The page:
Fourth wall removed : womens' liberation or entrapment?
Volz, Kirsty (2010) Fourth wall removed : womens' liberation or entrapment? In Interstices 12 (Under Construction) : Unsettled Containers: Aspects of Interiority, 8-10 October 2010, University of Auckland, New Zealand.
Australian dramatic literature of the 1950s and 1960s heralded a new wave in theatre and canonised a unique Australian identity on local and international stages. In previous decades, Australian theatre had been abound with the mythology of the wide brown land and the outback hero. This rural setting proved remote to audiences and sat uneasily within the conventions of the naturalist theatre. It was the suburban home that provided the back drop for this postwar evolution in Australian drama. While there were a number of factors that contributed to this watershed in Australian theatre, little has been written about how the spatial context may have influenced this movement. With the combined effects of postwar urbanization and shifting ideologies around domesticity, a new literary landscape had been created for playwrights to explore. Australian playwrights such as Dorothy Hewett, Ray Lawler and David Williamson transcended the outback hero by relocating him inside the postwar home.
The Australian home of the 1960s slowly started subscribing to a new aesthetic of continuous living spaces and patios that extended from the exterior to the interior. These mass produced homes employed diluted spatial principles of houses designed by architects, Le Corbusier, Ludwig Mies Van der Rohe and Adolf Loos in the 1920s and 1930s. In writing about Adolf Loos’ architecture, Beatriz Colomina described the “house as a stage for the family theatre”. She also wrote that the inhabitants of Loos’ houses were “both actors and spectators of the family scene involved”.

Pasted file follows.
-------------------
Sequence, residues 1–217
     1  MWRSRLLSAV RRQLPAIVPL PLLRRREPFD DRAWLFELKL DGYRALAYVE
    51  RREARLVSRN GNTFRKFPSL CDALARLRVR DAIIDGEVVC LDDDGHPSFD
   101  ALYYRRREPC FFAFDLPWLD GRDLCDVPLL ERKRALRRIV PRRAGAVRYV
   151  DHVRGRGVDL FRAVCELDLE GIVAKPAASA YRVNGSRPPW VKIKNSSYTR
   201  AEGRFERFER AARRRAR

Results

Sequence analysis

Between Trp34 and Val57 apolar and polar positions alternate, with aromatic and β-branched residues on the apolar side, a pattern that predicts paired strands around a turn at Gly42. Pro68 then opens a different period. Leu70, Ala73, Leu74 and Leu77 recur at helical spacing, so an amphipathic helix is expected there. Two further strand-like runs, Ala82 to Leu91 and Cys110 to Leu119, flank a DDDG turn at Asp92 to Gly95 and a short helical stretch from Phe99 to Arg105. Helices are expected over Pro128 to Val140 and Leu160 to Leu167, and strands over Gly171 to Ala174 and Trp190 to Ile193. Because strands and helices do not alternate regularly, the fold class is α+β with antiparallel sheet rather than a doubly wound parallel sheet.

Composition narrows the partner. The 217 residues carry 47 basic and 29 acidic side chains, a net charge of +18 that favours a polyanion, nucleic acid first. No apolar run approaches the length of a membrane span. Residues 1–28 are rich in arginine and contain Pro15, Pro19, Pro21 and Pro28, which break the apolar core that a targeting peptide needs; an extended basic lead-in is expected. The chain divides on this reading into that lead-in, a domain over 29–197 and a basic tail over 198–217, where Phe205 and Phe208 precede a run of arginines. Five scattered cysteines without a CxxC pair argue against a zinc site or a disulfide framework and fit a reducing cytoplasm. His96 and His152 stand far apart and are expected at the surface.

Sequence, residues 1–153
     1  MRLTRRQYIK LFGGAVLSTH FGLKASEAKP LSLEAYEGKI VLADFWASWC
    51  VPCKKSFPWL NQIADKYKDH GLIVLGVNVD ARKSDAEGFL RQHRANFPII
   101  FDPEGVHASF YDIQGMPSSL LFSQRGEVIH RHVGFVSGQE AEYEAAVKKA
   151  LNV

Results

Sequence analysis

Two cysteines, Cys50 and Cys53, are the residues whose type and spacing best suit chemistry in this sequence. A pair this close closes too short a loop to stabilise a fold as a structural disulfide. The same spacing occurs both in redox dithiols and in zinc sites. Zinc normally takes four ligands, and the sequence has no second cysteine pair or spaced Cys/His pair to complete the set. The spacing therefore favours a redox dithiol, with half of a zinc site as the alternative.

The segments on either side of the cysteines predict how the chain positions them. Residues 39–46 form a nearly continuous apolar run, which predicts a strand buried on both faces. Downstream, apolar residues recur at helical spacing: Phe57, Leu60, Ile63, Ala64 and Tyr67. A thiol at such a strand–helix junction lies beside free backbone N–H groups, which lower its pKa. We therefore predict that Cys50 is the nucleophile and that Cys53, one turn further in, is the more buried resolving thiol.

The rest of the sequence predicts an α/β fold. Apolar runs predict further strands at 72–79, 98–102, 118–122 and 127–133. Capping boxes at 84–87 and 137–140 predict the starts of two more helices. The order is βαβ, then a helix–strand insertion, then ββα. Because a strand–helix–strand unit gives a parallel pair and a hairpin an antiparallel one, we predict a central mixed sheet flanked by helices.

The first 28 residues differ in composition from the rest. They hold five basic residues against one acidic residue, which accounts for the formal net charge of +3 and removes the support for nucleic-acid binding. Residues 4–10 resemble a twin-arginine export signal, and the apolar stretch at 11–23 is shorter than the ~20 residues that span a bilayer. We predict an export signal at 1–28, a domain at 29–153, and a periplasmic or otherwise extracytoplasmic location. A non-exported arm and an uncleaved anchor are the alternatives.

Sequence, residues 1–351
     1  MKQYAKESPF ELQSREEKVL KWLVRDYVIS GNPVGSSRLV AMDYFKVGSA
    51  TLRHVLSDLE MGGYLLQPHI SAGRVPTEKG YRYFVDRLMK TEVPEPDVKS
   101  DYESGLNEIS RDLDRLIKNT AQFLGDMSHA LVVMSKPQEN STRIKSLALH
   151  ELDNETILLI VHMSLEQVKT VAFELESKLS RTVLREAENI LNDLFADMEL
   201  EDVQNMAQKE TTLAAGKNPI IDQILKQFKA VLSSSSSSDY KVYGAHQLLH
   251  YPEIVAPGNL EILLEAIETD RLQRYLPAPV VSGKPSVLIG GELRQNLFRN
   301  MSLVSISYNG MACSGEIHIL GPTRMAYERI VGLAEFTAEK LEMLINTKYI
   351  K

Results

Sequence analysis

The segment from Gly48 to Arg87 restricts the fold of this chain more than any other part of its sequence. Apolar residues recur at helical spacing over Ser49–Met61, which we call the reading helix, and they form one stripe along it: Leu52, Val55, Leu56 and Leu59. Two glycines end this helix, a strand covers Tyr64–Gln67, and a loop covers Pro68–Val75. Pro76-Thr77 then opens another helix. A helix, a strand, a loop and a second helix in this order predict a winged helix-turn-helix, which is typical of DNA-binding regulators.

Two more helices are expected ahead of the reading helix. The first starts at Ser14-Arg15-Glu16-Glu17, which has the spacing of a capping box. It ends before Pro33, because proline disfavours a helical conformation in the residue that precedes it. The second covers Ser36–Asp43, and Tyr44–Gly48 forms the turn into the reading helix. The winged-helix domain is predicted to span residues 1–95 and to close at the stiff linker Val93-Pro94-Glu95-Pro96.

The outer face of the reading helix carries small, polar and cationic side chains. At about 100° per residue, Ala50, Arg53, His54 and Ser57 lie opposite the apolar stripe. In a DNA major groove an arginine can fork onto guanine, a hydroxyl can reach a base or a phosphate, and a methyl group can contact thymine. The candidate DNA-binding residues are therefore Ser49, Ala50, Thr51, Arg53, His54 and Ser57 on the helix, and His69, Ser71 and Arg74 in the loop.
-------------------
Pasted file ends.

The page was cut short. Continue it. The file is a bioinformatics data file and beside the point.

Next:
It has not been investigated as to whether this new capacity to spectate within the home was a catalyst for playwrights to reflect upon, and translate the domestic environment to the stage. Audiences were also accustomed to being spectators of domesticity and could relate to the representations of home in the theatre. Additionally, the domestic setting provided a space for gender discourse; a space in which contestations of masculine and feminine identities could be played out. This research investigates whether spectating within the domestic setting contributed to the revolution in Australian dramatic literature of the 1950s and 1960s. The concept of the spectator in domesticity is underpinned by the work of Beatriz Colomina and Mark Wigley. An understanding of how playwrights may have been influenced by spectatorship within the home is ascertained through interviews and biographical research. The paper explores playwrights’ own domestic experiences and those that have influenced the plays they wrote and endeavours to determine whether seeing into the home played a vital role in canonising the Australian identity on the stage.
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|Item Type:||Conference Item (Presentation)|
|Subjects:||Australian and New Zealand Standard Research Classification > BUILT ENVIRONMENT AND DESIGN (120000) > ARCHITECTURE (120100) > Architectural History and Theory (120103)|
|Divisions:||Current > Schools > School of Design
Current > QUT Faculties and Divisions > Creative Industries Faculty
|Copyright Owner:||Copyright 2010 Please consult the author.|
|Deposited On:||03 May 2013 01:28|
|Last Modified:||08 Jul 2013 04:14|
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